• Talos will currently uncompress all extensions when installing them, regardless of <em:unpack> flag. This is not the way Firefox 4 usually works, extensions are left in the compressed XPI file. I tried fixing this — Adblock Plus startup delay increased by roughly 15 ms. Ok, so much about compressing XPI files with the maximal compression factor, for a smaller download. What if my XPI package isn’t compressed at all? Then the startup delay decreases by 15 ms and we have only 85 ms disadvantage compared to vanilla Firefox. Nice but I don’t want to distribute a 1.5 MB download. Turns out that using minimal compression level still has a few milliseconds advantage over an unpacked extension while only increasing the download package by 20 KB — that’s acceptable. Anybody want to update performance best practices?
  • The current test results are probably significantly skewed on Windows platforms due to a bug in the extension extraction routine.

Here are my own testing results on Windows 7 (rounded, these numbers aren’t very precise). I tested various Adblock Plus setups as well as Firebug for comparison (sorry John Barton).

Configuration Time (ms)
Vanilla Firefox 4.0 800
with Adblock Plus 1.3.6 unpacked 900
with Adblock Plus 1.3.6 packed at level 9 (current download package) 915
with Adblock Plus 1.3.6 packed at level 0 885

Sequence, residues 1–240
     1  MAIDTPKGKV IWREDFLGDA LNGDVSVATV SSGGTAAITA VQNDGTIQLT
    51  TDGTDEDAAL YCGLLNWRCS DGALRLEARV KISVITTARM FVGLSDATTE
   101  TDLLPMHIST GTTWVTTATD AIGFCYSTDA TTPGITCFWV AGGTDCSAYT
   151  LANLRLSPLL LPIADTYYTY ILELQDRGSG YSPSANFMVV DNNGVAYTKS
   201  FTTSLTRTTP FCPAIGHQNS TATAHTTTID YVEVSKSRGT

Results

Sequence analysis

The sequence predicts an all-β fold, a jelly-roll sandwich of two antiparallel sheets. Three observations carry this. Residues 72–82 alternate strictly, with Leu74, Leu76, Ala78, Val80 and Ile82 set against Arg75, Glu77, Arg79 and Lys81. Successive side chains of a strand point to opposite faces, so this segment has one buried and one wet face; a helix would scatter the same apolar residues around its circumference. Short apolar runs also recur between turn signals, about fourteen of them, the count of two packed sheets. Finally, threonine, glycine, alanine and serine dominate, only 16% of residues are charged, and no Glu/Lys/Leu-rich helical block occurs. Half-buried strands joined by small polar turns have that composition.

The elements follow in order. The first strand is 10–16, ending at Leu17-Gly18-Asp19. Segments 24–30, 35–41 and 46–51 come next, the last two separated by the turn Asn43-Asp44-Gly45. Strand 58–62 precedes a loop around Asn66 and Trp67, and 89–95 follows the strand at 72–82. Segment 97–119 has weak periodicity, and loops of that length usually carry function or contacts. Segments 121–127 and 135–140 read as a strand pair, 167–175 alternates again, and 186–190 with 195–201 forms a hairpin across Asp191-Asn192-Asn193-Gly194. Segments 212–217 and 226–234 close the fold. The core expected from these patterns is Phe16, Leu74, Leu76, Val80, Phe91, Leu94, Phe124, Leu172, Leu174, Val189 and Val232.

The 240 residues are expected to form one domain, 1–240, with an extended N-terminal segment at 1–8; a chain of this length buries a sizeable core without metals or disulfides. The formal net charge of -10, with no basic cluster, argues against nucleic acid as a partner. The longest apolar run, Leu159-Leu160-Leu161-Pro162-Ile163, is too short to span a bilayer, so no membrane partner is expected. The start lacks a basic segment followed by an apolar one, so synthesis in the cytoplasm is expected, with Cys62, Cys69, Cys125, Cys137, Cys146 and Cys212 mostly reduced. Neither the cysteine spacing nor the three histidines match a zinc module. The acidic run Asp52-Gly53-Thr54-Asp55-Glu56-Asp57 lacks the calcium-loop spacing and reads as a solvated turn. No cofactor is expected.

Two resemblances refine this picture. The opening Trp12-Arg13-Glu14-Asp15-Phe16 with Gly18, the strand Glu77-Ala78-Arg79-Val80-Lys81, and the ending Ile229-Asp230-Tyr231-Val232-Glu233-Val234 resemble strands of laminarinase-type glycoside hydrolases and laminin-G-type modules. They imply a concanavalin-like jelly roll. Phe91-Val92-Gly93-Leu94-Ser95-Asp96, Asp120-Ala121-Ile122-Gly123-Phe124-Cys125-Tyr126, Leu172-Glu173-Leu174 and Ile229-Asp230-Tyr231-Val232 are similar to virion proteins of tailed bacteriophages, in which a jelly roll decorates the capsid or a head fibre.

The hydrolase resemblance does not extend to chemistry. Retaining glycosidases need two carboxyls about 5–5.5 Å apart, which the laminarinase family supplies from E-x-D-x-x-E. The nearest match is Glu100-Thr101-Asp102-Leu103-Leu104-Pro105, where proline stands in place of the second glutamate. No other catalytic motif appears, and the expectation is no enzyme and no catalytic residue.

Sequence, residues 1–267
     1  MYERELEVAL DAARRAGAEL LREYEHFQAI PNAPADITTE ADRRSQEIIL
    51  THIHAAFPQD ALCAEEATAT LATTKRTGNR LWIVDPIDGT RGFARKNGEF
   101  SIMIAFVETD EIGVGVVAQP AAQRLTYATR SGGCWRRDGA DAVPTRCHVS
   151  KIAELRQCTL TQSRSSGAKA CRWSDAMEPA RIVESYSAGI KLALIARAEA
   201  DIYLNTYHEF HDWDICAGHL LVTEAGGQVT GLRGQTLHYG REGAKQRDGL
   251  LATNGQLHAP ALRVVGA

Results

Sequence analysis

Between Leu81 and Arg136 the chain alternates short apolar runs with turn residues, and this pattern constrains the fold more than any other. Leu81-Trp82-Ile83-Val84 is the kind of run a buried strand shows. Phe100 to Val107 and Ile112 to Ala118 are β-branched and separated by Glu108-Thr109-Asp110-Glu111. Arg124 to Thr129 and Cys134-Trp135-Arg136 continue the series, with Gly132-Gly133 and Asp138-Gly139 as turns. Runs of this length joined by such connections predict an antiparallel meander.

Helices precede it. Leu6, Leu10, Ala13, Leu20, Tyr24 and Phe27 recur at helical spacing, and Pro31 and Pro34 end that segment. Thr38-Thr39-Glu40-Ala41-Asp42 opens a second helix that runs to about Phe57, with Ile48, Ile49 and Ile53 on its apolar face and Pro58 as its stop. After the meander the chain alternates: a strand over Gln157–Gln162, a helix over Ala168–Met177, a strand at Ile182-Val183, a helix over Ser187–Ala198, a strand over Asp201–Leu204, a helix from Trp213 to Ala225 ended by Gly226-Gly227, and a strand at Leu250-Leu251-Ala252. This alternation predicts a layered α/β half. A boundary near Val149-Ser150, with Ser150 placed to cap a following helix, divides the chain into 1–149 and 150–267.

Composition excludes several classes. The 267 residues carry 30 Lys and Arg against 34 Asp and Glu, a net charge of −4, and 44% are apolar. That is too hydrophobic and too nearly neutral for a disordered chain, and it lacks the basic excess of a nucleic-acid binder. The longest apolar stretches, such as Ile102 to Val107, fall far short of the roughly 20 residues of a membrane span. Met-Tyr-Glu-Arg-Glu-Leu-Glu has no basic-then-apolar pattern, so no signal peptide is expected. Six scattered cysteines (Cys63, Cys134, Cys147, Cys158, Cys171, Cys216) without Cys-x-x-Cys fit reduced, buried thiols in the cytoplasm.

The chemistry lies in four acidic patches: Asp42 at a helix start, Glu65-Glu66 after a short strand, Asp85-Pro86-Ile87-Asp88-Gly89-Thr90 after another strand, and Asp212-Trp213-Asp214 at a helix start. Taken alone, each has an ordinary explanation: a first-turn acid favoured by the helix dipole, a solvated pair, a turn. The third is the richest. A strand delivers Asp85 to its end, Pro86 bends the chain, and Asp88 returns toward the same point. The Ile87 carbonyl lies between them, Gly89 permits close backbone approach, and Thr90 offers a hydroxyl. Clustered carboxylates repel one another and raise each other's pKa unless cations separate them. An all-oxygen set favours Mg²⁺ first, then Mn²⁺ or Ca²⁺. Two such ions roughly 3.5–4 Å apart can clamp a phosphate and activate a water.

with Adblock Plus 1.3.6 packed at level 1 895
with Adblock Plus 1.3.6 and EasyList 1160
with Firebug 1.7.0 unpacked 1350
with Firebug 1.7.0 packed 1310

As the test results for Adblock Plus with EasyList (here tested with all the caching introduced in Adblock Plus 1.3.5) indicate, we have bigger worries than whether Adblock Plus is installed packed or unpacked. Having a filter lists adds 250 ms to the startup time for me. Out of these, 200 ms are spent by Gecko parsing the element hiding stylesheet — not something I can really influence. The only way is having EasyList reduce the number of filters somehow (currently it has 11 thousands).


Comment [1]

  1. johnjbarton · 2011-04-07 19:05 · #

    Thanks for adding Firebug to your table Wladimir. It’s great to see some real numbers rather than %.

    I guess that bug 639898 can’t really be involved in the startup testing. That would activate Firebug for all pages on startup, that would be quite a bad startup experience.

    One thing I’m curious about: what does startup time mean? I guess for both Adblock and Firebug the addon has to be looking at the initial Web page loads or the user is not getting what they asked for. If startup time means from the time the user launches Firefox until they are reading a web page, then how can any lazy loading make a difference?

    Reply from Wladimir Palant:

    Yes, I forgot to write about that in my blog post – the startup time is measured as the time until a page loads. That’s a file:/// page that will report the time of the “load” event. Which allows for some optimizing on my side. Not really worth it however – other than Talos nobody uses file:/// as their homepage. Real users will be increasingly switching to about:home which is perfect for ABP’s delayed initialization.

    Reply from Wladimir Palant:

    Btw, the actual measurement results for Firebug from April 2nd are 920, 738, 1141 and 901 milliseconds on Windows 7, Windows XP, OS X and Fedora. The corresponding reference times are 542, 401, 700, 496 milliseconds.